France's lesson to US conservatives: An update to "My Melenchony Baby"

French presidential election candidate for the right-wing Les Republicains (LR) party, Francois Fillon delivers a statement to the press at his campaign headquarters in Paris on April 21, 2017. Photo by Eliot Blondet/Sipa USA(Sipa via AP Images)

Update: The main mode of wealth acquisition in France is waiting for one’s parents to die. Why get the inheritance in a devalued new French franc rather than in Euro? French voters will elect the “bubble” candidate Emmanuel Macron, the clearest supporter of French membership in the Eurozone, and leave the National Front’s Marine Le Pen in the dust in the May 7 second round of the national elections. What about the 234 murders of French citizens by jihadists in the past year or so? Remember what Machiavelli said: A man will forgive the murder of his father before the loss of his inheritance.


The nationalist wing of American conservatives made exactly the same methodological error as the Neo-cons: It believed that American circumstances and sentiments could be exported to other countries. The Europeans are different. “Nationalism” is an insult in the mouth of Macron, who styles himself a “patriot.” Nationalism brought the Europeans the two World Wars of the 20th century and untold misery, and there are few who are willing to try it again. We Americans truly are unique: What we mean by “nationalism” is our commitment to the American nation, which is not a “nation” in the European sense (defined by birth), but a “new nation conceived in liberty,” chosen from among the nations of the world.

The surge in support for ultra-leftist Jean-Luc Mélenchon to 19% in the French presidential polls — from just 11.4% on March 13 — shows how dangerous the French political situation has become.

Most of Mélenchon’s gain came at the expense of the candidate of the governing Socialist Party, Benoit Hamon, who shows less than 8% support in the latest polls. When the ruling party’s candidate polls in single digits, something nasty is at work.

With 25% undecided before Sunday’s first round elections, the jump in support for a candidate who calls for a 100% tax rate on the rich indicates a nasty polarization in French society. There are two risks. One is that National Front leader Marine Le Pen and Mélenchon win the first round, giving France a choice between an extreme right and extreme left who agree about leaving the European Union. Both also are friendly with Moscow. The other is that Le Pen will face either the traditional conservative Francois Fillon or the synthetic centrist Emmanuel Macron, with the likelihood that the left will support Le Pen rather than — as in the past — obediently align itself with the center in order to defeat the National Front. A Le Pen victory would mean the end of Europe’s institutions as we know them.


The “centrist” candidate, former economics minister Emmanuel Macron, is a 39-year-old technocrat whose principle attraction is the fact that he hasn’t ever run for office and is not tainted by association with the existing parties. The default scenario has Le Pen and Macron winning the first round, and the body politic uniting behind Macron to stop Le Pen in the second round. That could go pear-shaped.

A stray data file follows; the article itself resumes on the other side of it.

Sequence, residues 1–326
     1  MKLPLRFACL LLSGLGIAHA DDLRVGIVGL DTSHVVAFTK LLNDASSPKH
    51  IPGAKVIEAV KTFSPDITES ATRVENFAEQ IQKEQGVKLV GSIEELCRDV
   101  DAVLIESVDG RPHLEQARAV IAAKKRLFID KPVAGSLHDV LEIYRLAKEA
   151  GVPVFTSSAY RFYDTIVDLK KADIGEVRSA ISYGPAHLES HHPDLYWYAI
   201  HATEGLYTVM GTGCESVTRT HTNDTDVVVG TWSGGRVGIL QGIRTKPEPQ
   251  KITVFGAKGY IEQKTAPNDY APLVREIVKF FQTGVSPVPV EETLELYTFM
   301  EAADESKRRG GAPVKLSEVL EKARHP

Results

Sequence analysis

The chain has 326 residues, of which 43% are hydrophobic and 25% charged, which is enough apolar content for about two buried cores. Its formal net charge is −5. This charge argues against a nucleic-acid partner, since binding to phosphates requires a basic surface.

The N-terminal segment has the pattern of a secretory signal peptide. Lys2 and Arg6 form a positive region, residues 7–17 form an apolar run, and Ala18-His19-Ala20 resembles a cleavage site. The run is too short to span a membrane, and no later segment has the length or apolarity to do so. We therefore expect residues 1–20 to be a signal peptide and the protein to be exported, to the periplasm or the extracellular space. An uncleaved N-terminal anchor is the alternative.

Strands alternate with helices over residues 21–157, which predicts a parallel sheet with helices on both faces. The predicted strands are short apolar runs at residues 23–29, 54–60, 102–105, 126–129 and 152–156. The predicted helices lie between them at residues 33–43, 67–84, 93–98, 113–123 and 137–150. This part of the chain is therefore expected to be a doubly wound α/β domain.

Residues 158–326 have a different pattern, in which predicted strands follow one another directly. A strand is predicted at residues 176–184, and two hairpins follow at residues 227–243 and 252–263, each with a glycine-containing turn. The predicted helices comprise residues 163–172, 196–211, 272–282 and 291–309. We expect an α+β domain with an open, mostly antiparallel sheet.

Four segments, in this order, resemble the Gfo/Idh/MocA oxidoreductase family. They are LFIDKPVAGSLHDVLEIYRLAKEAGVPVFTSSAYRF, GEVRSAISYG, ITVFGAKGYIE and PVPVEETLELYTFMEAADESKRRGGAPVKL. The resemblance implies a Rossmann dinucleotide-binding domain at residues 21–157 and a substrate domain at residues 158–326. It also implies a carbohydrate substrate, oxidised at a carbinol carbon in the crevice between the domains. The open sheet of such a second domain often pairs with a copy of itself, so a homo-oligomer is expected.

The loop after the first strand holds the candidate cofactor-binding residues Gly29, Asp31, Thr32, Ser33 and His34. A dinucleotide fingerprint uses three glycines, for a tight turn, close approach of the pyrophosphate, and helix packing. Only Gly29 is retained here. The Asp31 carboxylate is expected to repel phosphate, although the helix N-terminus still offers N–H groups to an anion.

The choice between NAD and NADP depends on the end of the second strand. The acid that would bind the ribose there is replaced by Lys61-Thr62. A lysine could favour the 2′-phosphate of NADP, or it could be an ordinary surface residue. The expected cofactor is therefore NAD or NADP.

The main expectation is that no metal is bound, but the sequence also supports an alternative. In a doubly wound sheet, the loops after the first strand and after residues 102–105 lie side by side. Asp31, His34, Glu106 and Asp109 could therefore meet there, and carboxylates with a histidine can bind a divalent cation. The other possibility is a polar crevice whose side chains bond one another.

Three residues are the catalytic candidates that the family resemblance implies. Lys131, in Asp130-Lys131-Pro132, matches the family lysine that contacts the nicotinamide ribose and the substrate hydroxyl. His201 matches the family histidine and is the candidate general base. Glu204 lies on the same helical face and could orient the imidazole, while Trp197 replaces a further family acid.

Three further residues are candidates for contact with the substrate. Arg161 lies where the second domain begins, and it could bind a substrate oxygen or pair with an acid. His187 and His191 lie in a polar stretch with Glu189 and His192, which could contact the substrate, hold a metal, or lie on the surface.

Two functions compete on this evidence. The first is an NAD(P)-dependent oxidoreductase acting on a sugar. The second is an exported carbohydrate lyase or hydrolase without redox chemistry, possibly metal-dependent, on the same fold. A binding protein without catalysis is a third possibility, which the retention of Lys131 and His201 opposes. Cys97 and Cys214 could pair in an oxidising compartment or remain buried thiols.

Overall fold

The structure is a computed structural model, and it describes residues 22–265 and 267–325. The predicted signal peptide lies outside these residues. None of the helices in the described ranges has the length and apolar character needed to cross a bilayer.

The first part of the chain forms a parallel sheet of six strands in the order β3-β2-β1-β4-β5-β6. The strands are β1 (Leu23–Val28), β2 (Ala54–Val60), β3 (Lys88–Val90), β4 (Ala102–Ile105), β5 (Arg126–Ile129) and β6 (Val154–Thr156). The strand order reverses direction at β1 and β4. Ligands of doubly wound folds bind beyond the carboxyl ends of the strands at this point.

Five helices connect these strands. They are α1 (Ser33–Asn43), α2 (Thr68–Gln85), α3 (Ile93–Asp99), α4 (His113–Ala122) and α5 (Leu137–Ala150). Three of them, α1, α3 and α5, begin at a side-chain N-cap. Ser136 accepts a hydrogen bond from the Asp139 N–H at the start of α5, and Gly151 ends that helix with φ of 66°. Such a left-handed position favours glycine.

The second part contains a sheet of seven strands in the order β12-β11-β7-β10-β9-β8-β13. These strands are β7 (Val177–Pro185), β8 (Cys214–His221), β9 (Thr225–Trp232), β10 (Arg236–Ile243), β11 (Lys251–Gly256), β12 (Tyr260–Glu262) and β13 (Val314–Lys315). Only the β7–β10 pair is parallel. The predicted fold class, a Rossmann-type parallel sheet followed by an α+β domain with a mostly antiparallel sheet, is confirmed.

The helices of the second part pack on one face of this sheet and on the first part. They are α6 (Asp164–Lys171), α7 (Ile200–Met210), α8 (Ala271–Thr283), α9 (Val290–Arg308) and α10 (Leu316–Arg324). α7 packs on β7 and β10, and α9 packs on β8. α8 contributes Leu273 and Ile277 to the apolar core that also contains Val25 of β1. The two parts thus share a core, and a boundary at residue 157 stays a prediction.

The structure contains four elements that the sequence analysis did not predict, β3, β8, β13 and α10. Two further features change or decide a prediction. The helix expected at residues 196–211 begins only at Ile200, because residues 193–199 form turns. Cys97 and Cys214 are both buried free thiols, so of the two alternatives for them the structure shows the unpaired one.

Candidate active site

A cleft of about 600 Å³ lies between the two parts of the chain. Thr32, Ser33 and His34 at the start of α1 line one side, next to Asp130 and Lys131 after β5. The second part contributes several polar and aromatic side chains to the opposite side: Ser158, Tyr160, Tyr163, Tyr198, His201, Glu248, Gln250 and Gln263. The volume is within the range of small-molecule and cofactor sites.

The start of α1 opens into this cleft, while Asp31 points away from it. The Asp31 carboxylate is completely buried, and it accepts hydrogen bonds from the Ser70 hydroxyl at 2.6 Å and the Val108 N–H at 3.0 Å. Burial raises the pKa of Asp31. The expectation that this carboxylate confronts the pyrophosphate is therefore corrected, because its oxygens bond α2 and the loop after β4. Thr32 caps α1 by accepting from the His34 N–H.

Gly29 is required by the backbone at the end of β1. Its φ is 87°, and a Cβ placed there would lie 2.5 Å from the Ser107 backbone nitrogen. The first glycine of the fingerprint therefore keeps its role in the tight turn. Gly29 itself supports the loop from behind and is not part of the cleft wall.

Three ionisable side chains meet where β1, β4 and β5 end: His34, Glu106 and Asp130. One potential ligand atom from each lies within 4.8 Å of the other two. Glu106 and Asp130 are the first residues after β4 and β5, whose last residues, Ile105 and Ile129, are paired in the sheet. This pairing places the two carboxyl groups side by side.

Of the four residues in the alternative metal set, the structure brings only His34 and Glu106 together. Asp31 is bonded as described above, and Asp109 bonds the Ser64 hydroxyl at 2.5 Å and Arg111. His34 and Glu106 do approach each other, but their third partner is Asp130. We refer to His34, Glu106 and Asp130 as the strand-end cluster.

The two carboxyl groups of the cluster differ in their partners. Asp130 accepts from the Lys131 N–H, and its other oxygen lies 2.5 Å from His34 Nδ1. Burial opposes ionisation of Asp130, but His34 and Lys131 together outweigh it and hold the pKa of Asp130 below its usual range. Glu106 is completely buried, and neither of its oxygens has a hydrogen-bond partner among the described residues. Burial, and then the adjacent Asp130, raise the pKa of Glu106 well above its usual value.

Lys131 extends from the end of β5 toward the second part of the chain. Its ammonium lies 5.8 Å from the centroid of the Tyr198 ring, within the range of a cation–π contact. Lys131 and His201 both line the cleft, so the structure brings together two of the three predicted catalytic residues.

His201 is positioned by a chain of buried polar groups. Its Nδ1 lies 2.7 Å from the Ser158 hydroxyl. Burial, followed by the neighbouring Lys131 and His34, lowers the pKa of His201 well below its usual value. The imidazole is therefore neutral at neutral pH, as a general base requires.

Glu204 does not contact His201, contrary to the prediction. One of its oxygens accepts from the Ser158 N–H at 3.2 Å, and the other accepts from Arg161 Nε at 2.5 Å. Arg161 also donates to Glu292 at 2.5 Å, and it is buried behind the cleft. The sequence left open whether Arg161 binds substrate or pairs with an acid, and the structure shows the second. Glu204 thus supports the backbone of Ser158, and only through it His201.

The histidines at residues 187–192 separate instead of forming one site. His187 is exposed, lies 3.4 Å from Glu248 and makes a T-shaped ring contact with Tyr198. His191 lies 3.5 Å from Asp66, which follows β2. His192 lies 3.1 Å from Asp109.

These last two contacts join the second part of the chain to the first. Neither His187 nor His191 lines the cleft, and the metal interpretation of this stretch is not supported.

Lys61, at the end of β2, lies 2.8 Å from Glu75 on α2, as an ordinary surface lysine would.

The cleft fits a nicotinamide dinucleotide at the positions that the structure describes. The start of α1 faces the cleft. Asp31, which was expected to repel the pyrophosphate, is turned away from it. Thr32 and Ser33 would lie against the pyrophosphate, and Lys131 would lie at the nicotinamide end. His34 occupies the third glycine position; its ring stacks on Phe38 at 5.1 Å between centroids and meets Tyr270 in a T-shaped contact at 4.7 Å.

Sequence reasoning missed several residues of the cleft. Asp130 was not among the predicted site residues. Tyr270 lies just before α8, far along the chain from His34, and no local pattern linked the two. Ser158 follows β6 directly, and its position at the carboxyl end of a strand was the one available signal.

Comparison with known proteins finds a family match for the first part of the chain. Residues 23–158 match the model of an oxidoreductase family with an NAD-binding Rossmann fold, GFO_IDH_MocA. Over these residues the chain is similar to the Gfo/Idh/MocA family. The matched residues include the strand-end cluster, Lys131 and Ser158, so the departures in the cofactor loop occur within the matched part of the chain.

Macron is pure bubble; if the bubble pops, right and left could unite with some elements of the Establishment to put Le Pen in power. She is the only candidate to warn about the danger to French society posed by Muslim migrants. But she also wants to take France out of the European Union, which would mean the end of the EU. The main winner in that case would be Putin. If I were French I would at least consider voting for Le Pen; as an American, I hope she loses as a matter of pure American strategic interest. The best outcome from an American standpoint would be the victory of the conservative Catholic free-marketeer Francois Fillon.

There are two sources of French rage against the country’s complacent and corrupt Establishment. The first is security. As Soeren Kern noted at the Gatestone Institute April 18:

An Ifop poll found that 71% of French people believe the security situation in France has deteriorated during the past five years; 93% believe the terrorist threat remains high; 60% said they do not feel safe anywhere in the country; and 69% believe there are not enough police and gendarmes. The poll also found that 88% support deporting foreigners convicted of serious crimes, and 81% support terminating social assistance to parents of repeat offenders.


A quarter of French teenagers are Muslims, and one-third of them hold fundamentalist views.

The second is economic. Youth unemployment in France stands at 22.4%. Globalization has not been kind to French industry (unlike German industry, which dominates key niches in manufacturing).

Elsewhere in Europe, the alternative right has flopped. Freedom Party leader Geert Wilders polled lower than expected in last month’s Dutch elections. Germany’s Alternative fuer Deutschland is in chaos following the resignation of its chairman and lead candidate Frauke Petry, who was effectively forced out by the extreme right wing of her party.

But France is different. Many American conservatives are cheering for Le Pen. So are some elements of the French Establishment, who see the National Front leader as the country’s last hope to stop the creeping tide of Islam.

But if Le Pen is elected, I guarantee that her American admirers are not going to like the outcome.


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